C.F. Habito: Philippines - Money for the "Missing Middle"
Philippines, December, 13 2016 -
If SMEs are to be the rightful engines for broadening participation in our economic growth, financing our missing middle is a challenge into which we need put our best minds and efforts.
Finance has always been widely and easily available for large enterprises in the Philippines. Borrowing from the banks is easy for large companies, or those with 200 or more workers and/or P100 million or more in assets, which make up less than half a percent of our total firms in the country. The more well-known are often able to borrow “clean” loans, meaning without any physical collateral, and get the best terms and lowest interest rates banks could offer. At the other end are microenterprises, or those employing less than 10 workers on assets up to P3 million, which make up 91 percent of all Filipino firms, and which for years have been the object of various government and nongovernment microfinance programs providing credit, insurance and other financial services for the poor. With deliberate targeting on the poorest segments of society, finance has become less of a problem to the smallest of enterprises as well.
And then there are those in between, in the small and medium category, or those with 10-99 workers and/or capital of P3-15 million, and 100-199 workers and/or capital of P15-100 million, respectively, which together account for around 8 percent of all firms. It is for these firms, our “missing middle,” that bank financing has not been as responsive, especially for those in the “small” category. The problem with this is that the bulk of microenterprises get stuck at being “micro.” Moving up to become a “small” on to “medium” enterprise is beset with formidable hurdles, financing being most prominent, along with various government regulations and taxes. As a result, many otherwise promising entrepreneurs would rather stay micro, and I’ve personally heard at least three entrepreneurs say so.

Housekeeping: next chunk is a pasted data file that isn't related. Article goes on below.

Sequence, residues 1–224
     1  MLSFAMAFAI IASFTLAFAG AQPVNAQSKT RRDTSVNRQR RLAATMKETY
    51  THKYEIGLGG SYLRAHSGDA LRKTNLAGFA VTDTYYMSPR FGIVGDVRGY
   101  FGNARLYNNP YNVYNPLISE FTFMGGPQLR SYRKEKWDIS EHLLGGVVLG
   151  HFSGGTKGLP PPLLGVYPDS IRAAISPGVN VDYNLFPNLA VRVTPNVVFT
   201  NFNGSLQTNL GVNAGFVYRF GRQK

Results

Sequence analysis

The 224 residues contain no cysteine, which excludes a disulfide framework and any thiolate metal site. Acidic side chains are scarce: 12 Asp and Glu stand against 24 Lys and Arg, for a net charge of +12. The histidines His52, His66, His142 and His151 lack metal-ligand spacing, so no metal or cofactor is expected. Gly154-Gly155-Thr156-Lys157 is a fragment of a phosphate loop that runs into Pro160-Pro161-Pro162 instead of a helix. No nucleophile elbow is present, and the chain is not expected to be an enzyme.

Philippine micro, small and medium enterprises (MSMEs) account for a significantly smaller share of total output (35 percent) and employment (61 percent), compared to most other economies in the Asia-Pacific. Indonesia, considered the most comparable economy in Asean to ours, reports MSME contributions starkly higher than ours, at 59 percent of output and 92 percent of employment. Little wonder, then, that as of 2014, Indonesia reported that its poor made up only 11 percent of its population, while we had more than twice as much, at 26 percent.
I’ve heard it argued that the first M in “MSMEs” are a totally different “animal” from SMEs and should therefore not be lumped with the latter in providing government support programs. Their loan needs are typically within P50,000; banks can reportedly provide up to P150,000 without collateral. SMEs would normally need to borrow more than that, up to a few million in working capital. At this level, loan financing becomes a much more difficult proposition. Banks start factoring in the cost of evaluating and reviewing a loan application, perceived risks, and costs of monitoring, and begin to be reluctant to lend without any collateral or guarantee. Particularly problematic is the P150,000-P2 million loan range, which I’m told most major banks wouldn’t touch, with loan minimums set at P2-3 million. But it is within that range that a microentrepreneur “graduating” into the “small” category typically needs to borrow—and with great difficulty. This is the missing middle, the missing bridge to the next higher level, which keeps micro enterprises where they are, blocking the way to their being S, M or L.
It’s not just all about bank loans, either. Equity and bond financing for SMEs are next to nil in the Philippines, as are mechanisms to mobilize angel investors and formal venture capital. The Tokyo Stock Exchange has long had a “market for the high-growth and emerging stocks” (with the nice acronym “Mothers”); the Philippine Stock Exchange has been struggling to put up a similar equity financing mechanism for smaller but promising firms. A credit information system is critical, and our Credit Information Corporation, a government corporation established by law in 2008, is trying to fill that gap. If SMEs are to be the rightful engines for broadening participation in our economic growth, financing our missing middle is a challenge into which we need put our best minds and efforts.